Gross compound growth: This is an automatic calculation based on the two cells above.
Average fees to deduct: Put here the amount of average fees you expect to save on your investments.
Real term growth per year after fees: This is another automation calculation that shows the real net growth you will gain each year after fees.
Input your monthly data
This tab is the bread and butter of the worksheet. Here every month you can type in the value of the assets and debts you have. You might not bother to work out all of them each month. I have some tiny retirement funds that it’s really not worth my time seeing if they have increased or decreased by £10. But you should make sure you update the the larger numbers that will really impact your net worth.
You will notice a + icon above the total of each section. If you click this you can add in an extra column in that section. This will help you keep logical groups of items.
Here is a brief rundown of the sections. The first 3 are of particular importance as together they make up your ‘Liquid retirement equity’. This is basically the investments you are growing that you can live off in your retirement.
- Liquid investments. Here you can capture your stocks and shares, bonds, and other such investments.
- Cash. I think this is self explanatory!
- Contribution retirement funds. Any retirement funds that you (and hopefully who you work for) invested that do not have a guaranteed return. These are defined contribution pension schemes.
All the rest of the items then are added to the ‘Liquid retirement equity’ to give you your net worth.
- Defined Retirement Funds. Rarer now, these are These are defined benefit pension schemes. Here you will have a guaranteed income per year on retirement. You should put the value of the fund here, not the
- Property. Input here any property you have. I would suggest inputting at the market value and include any mortgages in the debt section.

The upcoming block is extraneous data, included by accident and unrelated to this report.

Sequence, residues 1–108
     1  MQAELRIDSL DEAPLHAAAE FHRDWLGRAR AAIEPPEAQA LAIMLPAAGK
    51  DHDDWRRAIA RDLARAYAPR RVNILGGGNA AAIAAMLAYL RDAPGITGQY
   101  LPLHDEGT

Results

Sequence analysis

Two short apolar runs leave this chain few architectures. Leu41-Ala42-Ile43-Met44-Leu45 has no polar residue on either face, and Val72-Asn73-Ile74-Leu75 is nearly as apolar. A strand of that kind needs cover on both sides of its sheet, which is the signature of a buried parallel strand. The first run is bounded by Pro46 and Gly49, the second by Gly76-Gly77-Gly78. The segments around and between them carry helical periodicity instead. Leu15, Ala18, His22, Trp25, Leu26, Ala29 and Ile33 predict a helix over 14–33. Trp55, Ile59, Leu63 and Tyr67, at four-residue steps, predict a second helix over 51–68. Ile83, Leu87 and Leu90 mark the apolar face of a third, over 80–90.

- Other assets. You can add anything else here of value that you own. Cars, property, collections’ etc.
- Secured debts. In this section include any debts that are secured against an asset you own. Mortgages are the most common items for most people here.
- Unsecured debts. Any other debts such as unsecured loans, credit cards, and that $100 you own to uncle.
Use the dashboard!
This tab is the fun part of the worksheet! For the most part all you have to do her is gaze in wonder and awe at how well you are doing. Or possibly shed a small tear if the stock market has taken a dive 🙁
The only things you can change here are the display of the graphs on the middle. The light yellow squares indicate what you can adjust:
- You can change the timescale to either ‘current’ or ‘long term’. ‘Current’ will show your progress from month one to today. It will default to 12 months minimum for aesthetic reasons. Long term will show you everything from your first month to your target date of retirement.
- You can change the minimum and maximum of the vertical axis. NB for any changes to take effect you need to click on the cog wheel.
Don’t forget, all you need to do to get free access to this resource is to sign up to the weekly newsletter. Once you sign up you will be given details on how to access this and all of the other free resources at 5 steps to an early retirement.
Any information provided is not personal advice. You are responsible for your investment decisions and all tools provided are for illustrative purposes only. If you’re not sure whether an investment is right for you, contact a financial adviser. All investments can fall as well as rise in value, so you could get back less than you put in. Please remember, past performance is not a guide to future returns and that income is variable, not guaranteed.